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Part 2: Making of Slippery friction (Behind the scenes)

Lorenzo's Music single "Slippery friction" is available now!

This is part 2 of the making of our song Slippery friction. 

The song originally started out as just a loop idea. That original loop idea expanded into a song.

This documentary explains how that happened and how we came up with a new method of remote song collaboration. A method using only open-source software like Ubuntu Studio, Ardour DAW, and GitHub to collaborate remotely on the song.

Open-Source Tools we use:

Ubuntu Studio (A Linux production suite for Musicians)

Ardour (Digital Audio Workstation)

Kdenlive (Video editor)

OBS Studio (Video recording and streaming)

In the previous video

In a previous video, I mentioned that this song started out as part of a library of Loops that we were creating.

So we used these loops to test out a method that we had for sharing and collaborating on music remotely and that involved Ubuntu Studio which was our production suite and our DAW Ardour.

How we came up with the idea to use GitHub for music collaboration

We would share the actual sessions from the Ardour files that we recorded using a service called GitHub.

GitHub is actually a Version Control System. It's a service that's mainly meant for using code. Developers use it to collaborate on websites or software development. 

It occurred to me when we were doing our recording sessions that the main Adour file if I right-clicked on that just to see what was inside I noticed it really was just code. And I thought - maybe we could share these files along with the full folders that had the audio in them to GitHub and the band would have the exact same setup effects recording sessions and things like that for all of us on both ends. 

So over this time, we collaborated on these loop libraries using this method.

We even started to turn some of these into longer songs more than a loop Library. Building off of them and creating something else.

Experimenting with guitar lines

I began arranging a particular loop called Slippery friction into more of a song structure. 

But it just kind of sounded like backing tracks, it didn't sound like a song, it needed something more. 

So I played what I had so far for Rob (drummer) and Cliff (Bassist) and as they were sitting down listening to it both of them were holding onto guitars and they were just kind of noodling and playing along as they listened. 

As the song played I heard something from both parts of what they were doing. I had them record and create kind of what they had done.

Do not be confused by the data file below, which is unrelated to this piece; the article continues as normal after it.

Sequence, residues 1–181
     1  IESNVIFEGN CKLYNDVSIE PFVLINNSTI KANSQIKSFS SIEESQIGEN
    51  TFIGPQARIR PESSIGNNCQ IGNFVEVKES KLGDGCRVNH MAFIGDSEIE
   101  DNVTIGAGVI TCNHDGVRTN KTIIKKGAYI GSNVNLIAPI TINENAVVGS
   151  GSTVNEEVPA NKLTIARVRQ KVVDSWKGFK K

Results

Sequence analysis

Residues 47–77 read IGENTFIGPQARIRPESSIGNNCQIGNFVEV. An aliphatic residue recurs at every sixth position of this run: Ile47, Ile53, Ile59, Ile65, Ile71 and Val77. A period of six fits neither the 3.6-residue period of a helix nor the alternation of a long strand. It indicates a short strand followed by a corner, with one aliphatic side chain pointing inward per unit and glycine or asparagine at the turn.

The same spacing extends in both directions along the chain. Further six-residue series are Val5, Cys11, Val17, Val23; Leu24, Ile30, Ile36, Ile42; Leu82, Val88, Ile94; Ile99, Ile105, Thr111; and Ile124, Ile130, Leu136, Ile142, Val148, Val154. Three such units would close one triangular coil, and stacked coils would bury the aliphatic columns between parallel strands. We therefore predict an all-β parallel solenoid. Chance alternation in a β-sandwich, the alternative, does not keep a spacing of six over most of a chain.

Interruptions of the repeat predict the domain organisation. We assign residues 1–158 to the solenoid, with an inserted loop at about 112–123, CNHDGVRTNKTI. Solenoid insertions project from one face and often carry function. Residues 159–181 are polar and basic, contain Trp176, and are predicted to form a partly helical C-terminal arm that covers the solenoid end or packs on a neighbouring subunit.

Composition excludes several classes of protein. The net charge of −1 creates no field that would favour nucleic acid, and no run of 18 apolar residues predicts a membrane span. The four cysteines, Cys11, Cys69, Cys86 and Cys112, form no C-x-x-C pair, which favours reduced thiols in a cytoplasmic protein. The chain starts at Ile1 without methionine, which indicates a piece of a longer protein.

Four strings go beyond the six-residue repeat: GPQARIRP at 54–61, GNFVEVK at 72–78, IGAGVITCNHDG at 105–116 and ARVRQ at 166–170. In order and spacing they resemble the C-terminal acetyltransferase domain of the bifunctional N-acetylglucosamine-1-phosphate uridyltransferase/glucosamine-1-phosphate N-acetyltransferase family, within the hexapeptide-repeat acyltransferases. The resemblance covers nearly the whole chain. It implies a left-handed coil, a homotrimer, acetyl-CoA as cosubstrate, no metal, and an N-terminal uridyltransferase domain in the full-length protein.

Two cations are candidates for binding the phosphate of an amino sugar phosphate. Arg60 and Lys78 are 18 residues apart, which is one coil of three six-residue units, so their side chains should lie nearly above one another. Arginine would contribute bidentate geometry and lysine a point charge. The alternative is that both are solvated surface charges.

And even as we were listening back Rob still played along as we listened to the tracks. I heard him do something that was yet another line that might be kind of cool to add to the song. So I hit record again and we laid down this new idea.

We still wanted to do more with the song. So the next time we got together Eric (guitarist) was listening to the song and we had him just record ideas for it. We weren't sure what to do, we didn't really have an idea of what he should do. So we just had him play along with it, play anything, just play whatever came to mind and we recorded the entire time.

We would just listen for things that he would do from here to there and point out anything that sounded interesting. It didn't matter where in the song he was playing it it was the ideas that we were trying to capture on the recording and would edit it later.

Chopping up recordings into riffs

One of the things that we really enjoyed while we were working on these songs remotely over the past few years was experimenting with the recordings that we had. Playing and recording anything, cutting them up, and putting them in different places in the song. 

That was kind of what we were looking for while Eric was trying out these different guitar parts. We would just cut up different parts of the riffs even sometimes just notes and place them in different places to see what it would be. And then we would actually arrange these into new lines that weren't even played.

The song began to take shape

As we went through this whole process it was starting to come together as a song. It was starting to form into something. Now it had sort of a lead melody guitar.

But at this point, the song still had the original programmed drums that were from the original loop idea. We wanted the song to have something more Dynamic and that's when we decided to turn on the cameras and actually test it out on a live stream with Rob playing drums.

And during this particular session, Rob did something that really opened up the song. He had a whole new section that he did with a drum line. 

But the problem was is we still were waiting on a multi-track sound card to record his drums on these tracks.

Making of Slippery friction part 3 coming soon...

Our latest song

Lorenzo's Music "Rainy day friction" is available now! - listen anywhere you stream music Click here to listen


This work by Lorenzo's Music is licensed under creative commons CC BY-SA 4.0